loading page

Roadside disturbance promotes arbuscular mycorrhizal communities in mountain regions worldwide
  • +18
  • Jan Clavel,
  • Jonas Lembrechts,
  • Jonathan Lenoir,
  • Sylvia Haider,
  • Keith McDougall,
  • Martin Nuñez,
  • Jake Alexander,
  • Agustina Barros,
  • Ann Milbau,
  • Tim Seipel,
  • Anibal Pauchard,
  • Eduardo Fuentes-Lillo,
  • Amanda Ratier Backes,
  • Pervaiz Dar,
  • zafar reshi,
  • Alla Aleksanyan,
  • Shengwei Zong,
  • J. R. Arevalo,
  • Valeria Aschero,
  • Erik Verbruggen,
  • Ivan Nijs
Jan Clavel
University of Antwerp
Author Profile
Jonas Lembrechts
University of Antwerp

Corresponding Author:[email protected]

Author Profile
Jonathan Lenoir
Université de Picardie Jules Verne
Author Profile
Sylvia Haider
Martin Luther University Halle Wittenberg
Author Profile
Keith McDougall
La Trobe University
Author Profile
Martin Nuñez
University of Houston
Author Profile
Jake Alexander
Universite de Lausanne
Author Profile
Agustina Barros
CONICET Mendoza
Author Profile
Ann Milbau
Climate Impacts Research Centre (CIRC)
Author Profile
Tim Seipel
Montana State University
Author Profile
Anibal Pauchard
Universidad de Concepcion
Author Profile
Eduardo Fuentes-Lillo
University of Concepción
Author Profile
Amanda Ratier Backes
Martin-Luther-Universitat Halle-Wittenberg
Author Profile
Pervaiz Dar
University of Kashmir
Author Profile
zafar reshi
University of Kashmir
Author Profile
Alla Aleksanyan
Institute of Botany National Academy of Sciences of the Republic of Armenia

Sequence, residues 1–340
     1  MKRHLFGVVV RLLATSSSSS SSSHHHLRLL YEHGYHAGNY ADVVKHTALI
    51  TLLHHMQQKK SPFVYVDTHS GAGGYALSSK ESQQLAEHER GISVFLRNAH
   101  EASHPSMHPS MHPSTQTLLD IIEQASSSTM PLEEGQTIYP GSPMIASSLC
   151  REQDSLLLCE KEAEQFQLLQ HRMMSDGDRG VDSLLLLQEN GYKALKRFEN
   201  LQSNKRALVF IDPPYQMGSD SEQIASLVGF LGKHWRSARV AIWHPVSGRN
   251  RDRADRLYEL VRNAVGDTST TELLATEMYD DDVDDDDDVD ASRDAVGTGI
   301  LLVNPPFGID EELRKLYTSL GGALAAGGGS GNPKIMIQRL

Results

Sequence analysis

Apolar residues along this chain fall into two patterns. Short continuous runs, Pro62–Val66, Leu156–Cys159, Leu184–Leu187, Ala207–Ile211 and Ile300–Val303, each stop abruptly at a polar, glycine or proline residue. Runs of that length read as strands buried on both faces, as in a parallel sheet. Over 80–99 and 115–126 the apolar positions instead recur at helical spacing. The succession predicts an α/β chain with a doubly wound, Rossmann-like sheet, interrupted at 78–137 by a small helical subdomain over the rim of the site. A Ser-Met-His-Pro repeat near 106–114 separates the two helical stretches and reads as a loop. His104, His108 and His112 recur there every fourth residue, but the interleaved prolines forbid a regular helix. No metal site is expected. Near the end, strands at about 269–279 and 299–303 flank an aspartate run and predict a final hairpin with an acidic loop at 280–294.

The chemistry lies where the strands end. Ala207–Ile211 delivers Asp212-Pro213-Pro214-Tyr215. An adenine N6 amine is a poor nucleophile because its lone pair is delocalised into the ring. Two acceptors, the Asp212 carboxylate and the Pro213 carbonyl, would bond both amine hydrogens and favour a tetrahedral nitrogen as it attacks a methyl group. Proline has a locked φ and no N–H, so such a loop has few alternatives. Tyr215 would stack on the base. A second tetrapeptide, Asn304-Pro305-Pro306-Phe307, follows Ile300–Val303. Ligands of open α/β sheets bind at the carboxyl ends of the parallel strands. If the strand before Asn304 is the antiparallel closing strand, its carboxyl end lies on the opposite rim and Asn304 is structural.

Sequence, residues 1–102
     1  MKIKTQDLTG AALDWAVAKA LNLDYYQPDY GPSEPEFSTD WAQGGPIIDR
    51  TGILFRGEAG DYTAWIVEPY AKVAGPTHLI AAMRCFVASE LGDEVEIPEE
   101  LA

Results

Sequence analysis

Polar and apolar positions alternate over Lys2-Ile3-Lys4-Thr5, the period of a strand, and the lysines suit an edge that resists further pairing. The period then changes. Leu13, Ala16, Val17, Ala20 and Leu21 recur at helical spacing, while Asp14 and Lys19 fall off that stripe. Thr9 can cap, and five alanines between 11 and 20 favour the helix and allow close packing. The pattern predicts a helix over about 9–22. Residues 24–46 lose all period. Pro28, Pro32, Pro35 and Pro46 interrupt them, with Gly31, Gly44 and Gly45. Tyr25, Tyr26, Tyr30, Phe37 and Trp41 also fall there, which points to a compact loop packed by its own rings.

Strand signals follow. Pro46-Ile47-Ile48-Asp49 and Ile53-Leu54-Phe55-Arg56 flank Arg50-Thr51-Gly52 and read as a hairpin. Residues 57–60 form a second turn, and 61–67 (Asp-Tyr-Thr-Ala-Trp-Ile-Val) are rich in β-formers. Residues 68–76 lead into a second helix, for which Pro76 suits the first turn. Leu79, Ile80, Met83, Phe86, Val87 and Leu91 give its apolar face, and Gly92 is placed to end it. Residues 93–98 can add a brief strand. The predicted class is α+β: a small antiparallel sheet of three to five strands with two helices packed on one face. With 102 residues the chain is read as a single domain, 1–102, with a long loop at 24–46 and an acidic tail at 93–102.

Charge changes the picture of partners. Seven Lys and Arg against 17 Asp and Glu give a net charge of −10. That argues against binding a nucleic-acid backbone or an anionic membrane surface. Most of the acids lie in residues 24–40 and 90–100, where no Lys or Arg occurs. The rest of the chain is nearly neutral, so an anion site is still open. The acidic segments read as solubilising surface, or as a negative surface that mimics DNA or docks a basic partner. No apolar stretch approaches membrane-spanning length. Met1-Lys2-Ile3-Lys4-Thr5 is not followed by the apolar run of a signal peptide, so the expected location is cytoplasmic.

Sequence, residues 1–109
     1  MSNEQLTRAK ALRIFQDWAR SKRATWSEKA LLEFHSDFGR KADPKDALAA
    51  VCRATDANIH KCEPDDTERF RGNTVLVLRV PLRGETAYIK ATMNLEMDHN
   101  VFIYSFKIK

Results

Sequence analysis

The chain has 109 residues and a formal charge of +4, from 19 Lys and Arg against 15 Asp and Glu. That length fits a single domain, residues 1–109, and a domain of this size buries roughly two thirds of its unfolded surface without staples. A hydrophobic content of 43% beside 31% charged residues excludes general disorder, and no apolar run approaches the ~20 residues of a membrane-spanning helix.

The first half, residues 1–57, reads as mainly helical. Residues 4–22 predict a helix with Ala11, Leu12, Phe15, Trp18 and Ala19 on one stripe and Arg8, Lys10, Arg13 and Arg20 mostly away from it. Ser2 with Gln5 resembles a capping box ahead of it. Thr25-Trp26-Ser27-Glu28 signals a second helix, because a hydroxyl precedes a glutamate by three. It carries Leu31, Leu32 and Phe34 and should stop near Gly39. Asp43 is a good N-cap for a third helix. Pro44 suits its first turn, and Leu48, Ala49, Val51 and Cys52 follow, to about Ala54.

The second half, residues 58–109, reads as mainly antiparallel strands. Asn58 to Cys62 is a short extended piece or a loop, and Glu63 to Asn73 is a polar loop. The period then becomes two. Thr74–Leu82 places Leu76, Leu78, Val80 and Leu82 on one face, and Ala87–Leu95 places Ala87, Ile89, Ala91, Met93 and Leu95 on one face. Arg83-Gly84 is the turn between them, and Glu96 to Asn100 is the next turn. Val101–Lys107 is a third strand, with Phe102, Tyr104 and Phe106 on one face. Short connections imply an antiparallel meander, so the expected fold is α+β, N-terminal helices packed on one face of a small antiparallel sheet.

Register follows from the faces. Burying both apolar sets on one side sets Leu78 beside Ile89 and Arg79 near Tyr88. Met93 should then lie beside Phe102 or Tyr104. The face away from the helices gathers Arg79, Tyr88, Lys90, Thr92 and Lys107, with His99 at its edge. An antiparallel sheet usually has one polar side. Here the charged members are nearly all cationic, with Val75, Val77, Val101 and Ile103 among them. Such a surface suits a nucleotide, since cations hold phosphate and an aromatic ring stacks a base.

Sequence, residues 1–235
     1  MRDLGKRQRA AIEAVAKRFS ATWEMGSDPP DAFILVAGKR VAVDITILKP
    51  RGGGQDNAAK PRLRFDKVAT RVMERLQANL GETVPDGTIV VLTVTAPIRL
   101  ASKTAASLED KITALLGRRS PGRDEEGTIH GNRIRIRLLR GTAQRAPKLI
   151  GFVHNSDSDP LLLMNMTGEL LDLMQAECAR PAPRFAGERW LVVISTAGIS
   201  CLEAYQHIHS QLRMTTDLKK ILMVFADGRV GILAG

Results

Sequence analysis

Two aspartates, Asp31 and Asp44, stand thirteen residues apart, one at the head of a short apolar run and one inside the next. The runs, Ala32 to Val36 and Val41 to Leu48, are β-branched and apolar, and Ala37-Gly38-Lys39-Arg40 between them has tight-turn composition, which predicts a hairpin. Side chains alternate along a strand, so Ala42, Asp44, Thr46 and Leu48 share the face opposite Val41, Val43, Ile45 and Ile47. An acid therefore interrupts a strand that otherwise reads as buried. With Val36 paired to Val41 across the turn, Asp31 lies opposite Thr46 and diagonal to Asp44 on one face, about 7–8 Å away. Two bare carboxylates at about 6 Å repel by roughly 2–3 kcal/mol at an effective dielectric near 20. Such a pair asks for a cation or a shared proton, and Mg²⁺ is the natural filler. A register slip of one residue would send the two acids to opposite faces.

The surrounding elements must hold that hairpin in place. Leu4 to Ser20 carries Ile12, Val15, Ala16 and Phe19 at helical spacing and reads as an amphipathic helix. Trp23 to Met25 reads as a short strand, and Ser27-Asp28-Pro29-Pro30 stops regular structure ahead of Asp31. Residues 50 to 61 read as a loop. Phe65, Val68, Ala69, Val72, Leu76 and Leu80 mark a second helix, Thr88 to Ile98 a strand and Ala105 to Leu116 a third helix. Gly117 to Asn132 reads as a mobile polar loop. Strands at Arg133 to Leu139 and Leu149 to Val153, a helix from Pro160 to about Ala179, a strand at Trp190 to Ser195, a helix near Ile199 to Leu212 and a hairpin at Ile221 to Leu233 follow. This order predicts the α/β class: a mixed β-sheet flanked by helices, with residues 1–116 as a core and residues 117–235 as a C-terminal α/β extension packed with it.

Author Profile
Shengwei Zong
Northeast Normal University
Author Profile
J. R. Arevalo
Universidad de La Laguna
Author Profile
Valeria Aschero
CONICET Mendoza
Author Profile
Erik Verbruggen
University of Antwerp
Author Profile
Ivan Nijs
University of Antwerp
Author Profile

Abstract

Aim: We aimed to assess the impact at the global level of physical anthropogenic disturbances on the dominant mycorrhizal types in ecosystems and how this mechanism can potentially lead to lasting plant community changes. Location: Globally distributed study regions Time Period: 2007-2018 Taxa studied: Plants and mycorrhizal fungi Methods: We used a database of coordinated plant community surveys following mountain roads from 894 plots in 11 mountain regions across the globe in combination with a database of mycorrhizal-plant associations in order to estimate the relative abundance of mycorrhizal types in natural and disturbed environments. Results: Our findings show that roadside disturbance promotes the cover of plants associated with arbuscular mycorrhizal (AM) fungi. This effect is especially strong in colder mountain environments and in mountain regions where plant communities are dominated by ectomycorrhizal (EcM) or ericoid-mycorrhizal (ErM) associations. Furthermore, non-native plant species, which we confirmed to be mostly AM plants, are more successful in environments dominated by AM associations. Main Conclusions: These biogeographical patterns suggest that changes in mycorrhizal types are a crucial factor in the worldwide impact of anthropogenic disturbances on mountain ecosystems by promoting AM-dominated systems and potentially weakening biotic resistance against non-native species invasion. Restoration efforts in mountain ecosystems will have to contend with changes in the fundamental make-up of EcM- and ErM plant communities induced by roadside disturbance.
10 Aug 2023Submitted to Ecography
12 Aug 2023Assigned to Editor
12 Aug 2023Submission Checks Completed
12 Aug 2023Review(s) Completed, Editorial Evaluation Pending
19 Aug 2023Reviewer(s) Assigned
26 Oct 2023Editorial Decision: Revise Major